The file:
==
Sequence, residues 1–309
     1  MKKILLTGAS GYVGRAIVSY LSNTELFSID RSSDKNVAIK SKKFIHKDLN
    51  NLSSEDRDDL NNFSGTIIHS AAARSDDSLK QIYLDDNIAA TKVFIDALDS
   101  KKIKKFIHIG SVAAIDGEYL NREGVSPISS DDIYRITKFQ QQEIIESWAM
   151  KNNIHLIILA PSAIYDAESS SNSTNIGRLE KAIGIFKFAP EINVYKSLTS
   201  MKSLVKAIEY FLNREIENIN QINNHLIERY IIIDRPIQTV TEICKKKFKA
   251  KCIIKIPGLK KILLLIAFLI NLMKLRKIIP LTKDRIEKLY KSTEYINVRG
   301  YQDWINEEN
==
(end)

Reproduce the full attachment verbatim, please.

Sequence, residues 1–309
     1  MKKILLTGAS GYVGRAIVSY LSNTELFSID RSSDKNVAIK SKKFIHKDLN
    51  NLSSEDRDDL NNFSGTIIHS AAARSDDSLK QIYLDDNIAA TKVFIDALDS
   101  KKIKKFIHIG SVAAIDGEYL NREGVSPISS DDIYRITKFQ QQEIIESWAM
   151  KNNIHLIILA PSAIYDAESS SNSTNIGRLE KAIGIFKFAP EINVYKSLTS
   201  MKSLVKAIEY FLNREIENIN QINNHLIERY IIIDRPIQTV TEICKKKFKA
   251  KCIIKIPGLK KILLLIAFLI NLMKLRKIIP LTKDRIEKLY KSTEYINVRG
   301  YQDWINEEN